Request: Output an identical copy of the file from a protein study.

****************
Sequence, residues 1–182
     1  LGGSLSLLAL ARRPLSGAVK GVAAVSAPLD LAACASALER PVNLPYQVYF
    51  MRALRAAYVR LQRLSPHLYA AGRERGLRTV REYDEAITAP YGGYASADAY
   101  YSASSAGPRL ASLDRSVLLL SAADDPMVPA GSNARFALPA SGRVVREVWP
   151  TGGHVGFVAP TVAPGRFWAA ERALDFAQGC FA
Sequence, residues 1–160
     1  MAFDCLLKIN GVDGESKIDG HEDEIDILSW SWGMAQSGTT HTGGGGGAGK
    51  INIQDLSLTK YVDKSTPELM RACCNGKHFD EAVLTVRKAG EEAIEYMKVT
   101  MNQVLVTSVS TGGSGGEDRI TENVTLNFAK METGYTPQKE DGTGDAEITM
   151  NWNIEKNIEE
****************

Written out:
Sequence, residues 1–182
     1  LGGSLSLLAL ARRPLSGAVK GVAAVSAPLD LAACASALER PVNLPYQVYF
    51  MRALRAAYVR LQRLSPHLYA AGRERGLRTV REYDEAITAP YGGYASADAY
   101  YSASSAGPRL ASLDRSVLLL SAADDPMVPA GSNARFALPA SGRVVREVWP
   151  TGGHVGFVAP TVAPGRFWAA ERALDFAQGC FA
Sequence, residues 1–160
     1  MAFDCLLKIN GVDGESKIDG HEDEIDILSW SWGMAQSGTT HTGGGGGAGK
    51  INIQDLSLTK YVDKSTPELM RACCNGKHFD EAVLTVRKAG EEAIEYMKVT
   101  MNQVLVTSVS TGGSGGEDRI TENVTLNFAK METGYTPQKE DGTGDAEITM
   151  NWNIEKNIEE